Es un clásico de la literatura latinoamericana. Lo sentí bastante atado a su época, con innovaciones literarias importantes como los múltiples tipos textuales, la inserción de cartas, panfletos, proclamas.
La historia del dictador Francia no me pareció tan loca, siendo de este continente, como le podría parecer a un europeo. Medio larga.
Jul 11, 2016 Joe rated it liked it
I, The Supreme by Augusto Roa Bastos is a complex, technically accomplished, creative and stylistically unique book, a classic example of the dictator novel genre that explores the nature of authoritarianism and tyranny; the mindset and self-justifications of authoritarian leaders, the way they convince themselves that they are ultimately righteous and acting in the best interests of the people and the nation; the way dictatorial power inherently distorts the perspective of a leader by allowing ...more
Lucas Rentero
Jun 03, 2008 Lucas Rentero rated it really liked it  ·  review of another edition
En los mismos pagos de Zama pero unas décadas después.
Luis González
When I heard about this book I promised to read it. The comments I recieved were all along the lines of "the last strongman novel from a LatAm Boom author". Having read The President, The Death of Artemio Cruz, The Feast of the Goat among others, I expected a great book. However, I found that Roa Bastos took a little too much from Artemio Cruz for Rodríguez de Francia, with never-ending monologues that go nowhere for the first part of the novel. The second half is much more interesting, though; ...more
Mar 14, 2012 MajinFox rated it it was amazing  ·  review of another edition
Shelves: wstawione

Zanim zacznę recenzować samą książkę, powinienem najpierw przedstawić moją ewolucję "miłości" do Paragwaju.

Wszystko zaczęło się w 1998 roku podczas Mistrzostw Świata w Piłce Nożnej we Francji. Były to moje pierwsze, które oglądałem z zacięciem w telewizji, a ponieważ z "natury" byłem bramkarzem, obserwowałem właśnie tych zawodników na boisku. I tak poznałem swojego guru na wiele lat - paragwajski bramkarz, José Luis Chilavert. I ci, którzy mnie znają, wiedzą, że muszę za
Jun 13, 2016 Humberto rated it it was amazing  ·  review of another edition
denso... libro difícil... leánlo
Dec 21, 2015 Val rated it really liked it  ·  review of another edition
Shelves: world-tour, world-tbc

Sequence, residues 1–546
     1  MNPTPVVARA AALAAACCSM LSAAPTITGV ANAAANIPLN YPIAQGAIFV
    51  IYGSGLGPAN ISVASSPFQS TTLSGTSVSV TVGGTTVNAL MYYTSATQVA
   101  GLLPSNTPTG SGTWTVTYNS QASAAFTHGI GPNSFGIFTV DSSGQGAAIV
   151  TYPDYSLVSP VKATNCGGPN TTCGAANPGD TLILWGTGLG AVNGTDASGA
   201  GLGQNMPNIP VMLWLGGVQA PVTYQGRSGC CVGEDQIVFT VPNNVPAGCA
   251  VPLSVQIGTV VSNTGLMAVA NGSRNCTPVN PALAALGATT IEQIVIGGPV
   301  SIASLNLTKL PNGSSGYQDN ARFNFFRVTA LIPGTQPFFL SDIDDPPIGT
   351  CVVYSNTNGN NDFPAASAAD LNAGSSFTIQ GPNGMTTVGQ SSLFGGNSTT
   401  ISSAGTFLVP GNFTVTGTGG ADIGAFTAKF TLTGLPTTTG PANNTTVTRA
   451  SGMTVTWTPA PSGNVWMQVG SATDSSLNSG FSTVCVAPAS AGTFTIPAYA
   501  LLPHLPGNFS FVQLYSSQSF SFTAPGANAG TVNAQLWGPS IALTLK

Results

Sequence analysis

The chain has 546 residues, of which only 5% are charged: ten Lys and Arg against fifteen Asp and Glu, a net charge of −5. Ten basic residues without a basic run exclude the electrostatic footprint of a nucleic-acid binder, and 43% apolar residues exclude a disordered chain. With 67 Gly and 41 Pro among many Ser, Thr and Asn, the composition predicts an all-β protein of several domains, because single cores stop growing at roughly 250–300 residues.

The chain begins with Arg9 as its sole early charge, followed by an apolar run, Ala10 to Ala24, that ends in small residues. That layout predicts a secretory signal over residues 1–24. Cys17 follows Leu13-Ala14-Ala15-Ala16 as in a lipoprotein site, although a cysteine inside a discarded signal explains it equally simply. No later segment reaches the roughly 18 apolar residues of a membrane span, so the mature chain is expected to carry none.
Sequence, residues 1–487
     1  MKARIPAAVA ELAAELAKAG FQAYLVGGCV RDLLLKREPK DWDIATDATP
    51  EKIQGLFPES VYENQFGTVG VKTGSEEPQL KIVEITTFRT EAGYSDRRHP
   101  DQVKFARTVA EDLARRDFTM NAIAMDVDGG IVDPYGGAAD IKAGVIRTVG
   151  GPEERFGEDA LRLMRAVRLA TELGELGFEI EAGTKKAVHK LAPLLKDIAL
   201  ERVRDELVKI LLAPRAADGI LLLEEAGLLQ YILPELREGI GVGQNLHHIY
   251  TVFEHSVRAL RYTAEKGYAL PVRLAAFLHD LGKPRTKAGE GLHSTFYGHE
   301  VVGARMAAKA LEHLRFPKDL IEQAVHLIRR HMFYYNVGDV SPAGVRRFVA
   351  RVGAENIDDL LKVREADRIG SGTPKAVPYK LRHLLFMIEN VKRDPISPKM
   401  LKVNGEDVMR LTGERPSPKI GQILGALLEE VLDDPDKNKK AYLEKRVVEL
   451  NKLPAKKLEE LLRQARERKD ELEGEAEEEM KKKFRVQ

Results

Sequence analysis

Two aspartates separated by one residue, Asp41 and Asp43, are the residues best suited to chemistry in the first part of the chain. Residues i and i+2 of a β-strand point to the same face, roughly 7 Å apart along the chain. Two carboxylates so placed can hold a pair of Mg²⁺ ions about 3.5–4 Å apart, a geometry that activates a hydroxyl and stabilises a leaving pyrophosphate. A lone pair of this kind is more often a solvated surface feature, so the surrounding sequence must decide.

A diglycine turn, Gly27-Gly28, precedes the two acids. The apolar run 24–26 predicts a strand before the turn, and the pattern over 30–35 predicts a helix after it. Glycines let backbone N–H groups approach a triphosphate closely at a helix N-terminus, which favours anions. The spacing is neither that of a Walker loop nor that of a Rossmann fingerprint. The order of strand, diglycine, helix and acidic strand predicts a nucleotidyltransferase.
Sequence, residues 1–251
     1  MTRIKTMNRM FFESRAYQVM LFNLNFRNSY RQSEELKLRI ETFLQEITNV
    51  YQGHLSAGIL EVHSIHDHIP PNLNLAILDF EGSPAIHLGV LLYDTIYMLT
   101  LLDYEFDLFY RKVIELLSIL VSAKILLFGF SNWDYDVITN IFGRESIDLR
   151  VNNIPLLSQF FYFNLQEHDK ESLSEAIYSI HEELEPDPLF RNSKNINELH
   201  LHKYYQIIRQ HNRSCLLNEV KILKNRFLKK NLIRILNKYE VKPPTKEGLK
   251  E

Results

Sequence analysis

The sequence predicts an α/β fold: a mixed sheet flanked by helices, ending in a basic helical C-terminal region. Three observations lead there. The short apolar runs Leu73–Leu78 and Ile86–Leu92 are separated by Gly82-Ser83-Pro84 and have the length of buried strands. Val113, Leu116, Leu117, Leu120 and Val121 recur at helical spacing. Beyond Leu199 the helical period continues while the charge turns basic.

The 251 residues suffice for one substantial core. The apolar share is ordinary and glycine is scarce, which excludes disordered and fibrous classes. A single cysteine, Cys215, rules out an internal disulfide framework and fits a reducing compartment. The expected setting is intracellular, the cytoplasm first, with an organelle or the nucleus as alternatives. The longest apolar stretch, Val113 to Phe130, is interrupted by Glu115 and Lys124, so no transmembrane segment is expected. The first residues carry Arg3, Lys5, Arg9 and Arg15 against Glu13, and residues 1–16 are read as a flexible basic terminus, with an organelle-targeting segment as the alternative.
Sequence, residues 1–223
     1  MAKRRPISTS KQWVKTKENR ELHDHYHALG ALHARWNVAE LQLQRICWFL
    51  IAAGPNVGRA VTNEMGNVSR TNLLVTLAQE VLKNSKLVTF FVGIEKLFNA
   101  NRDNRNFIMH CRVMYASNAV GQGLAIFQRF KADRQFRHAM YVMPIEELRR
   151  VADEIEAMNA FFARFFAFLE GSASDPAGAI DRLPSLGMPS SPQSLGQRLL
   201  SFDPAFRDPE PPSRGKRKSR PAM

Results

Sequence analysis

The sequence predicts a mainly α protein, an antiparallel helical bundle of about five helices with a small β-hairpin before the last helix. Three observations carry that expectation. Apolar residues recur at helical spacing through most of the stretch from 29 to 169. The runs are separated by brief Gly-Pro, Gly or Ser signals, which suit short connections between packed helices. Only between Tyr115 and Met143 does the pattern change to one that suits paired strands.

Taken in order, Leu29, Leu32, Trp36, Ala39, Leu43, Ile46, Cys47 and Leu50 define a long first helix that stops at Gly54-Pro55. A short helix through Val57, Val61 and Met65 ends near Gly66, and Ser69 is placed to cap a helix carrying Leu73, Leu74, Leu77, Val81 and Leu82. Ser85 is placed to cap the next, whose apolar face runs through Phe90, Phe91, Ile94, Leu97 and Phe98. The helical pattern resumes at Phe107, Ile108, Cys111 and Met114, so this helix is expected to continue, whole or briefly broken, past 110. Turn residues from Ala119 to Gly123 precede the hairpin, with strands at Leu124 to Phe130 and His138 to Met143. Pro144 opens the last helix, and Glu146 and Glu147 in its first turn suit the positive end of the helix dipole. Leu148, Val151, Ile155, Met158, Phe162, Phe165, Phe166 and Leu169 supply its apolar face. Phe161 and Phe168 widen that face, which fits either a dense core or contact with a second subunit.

The book is a first person account of dictator for life de Francia, the first in a long line of dictators in Paraguay. It shows his cynical manipulation of power and language, so questions the idea of dictatorial authority in general.
The dictator is self-justifying, a little paranoid and becomes increasingly deranged as the narrative progresses, but because it is mainly his telling of the story this is not obviously a polemic. The structure becomes more fragmentary and less rational as a mirror
Oct 26, 2012 Anand rated it really liked it
A difficult but rich read. Roa Bastos' ambivalent assessment of El Supremo, and the multiple voice construct of a dictator nuances brilliantly. A dictator - spartan (unlike other South American dicators) - and with vision - but perhaps brutal in execution. Requires more than a read to truly understand the richly nuanced, and translated work
Leonard Pierce
Dec 16, 2007 Leonard Pierce rated it it was amazing
Shelves: fiction
A stunning piece of Latin American postmodernism, the kaleidoscopic story of Paraguay's first unquestioned dictator.
Jayden gonzalez
Jul 22, 2014 Jayden gonzalez rated it it was amazing
el supremo ftw
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Augusto Roa Bastos was a noted Paraguayan novelist and short story writer, and one of the most important Latin American writers of the 20th century. As a teenager he fought in the Chaco War between Paraguay and Bolivia, and he later worked as a journalist, screenwriter and professor. He is best known for his complex novel Yo el Supremo (I, the Supreme) and for his reception of the Premio Miguel de ...more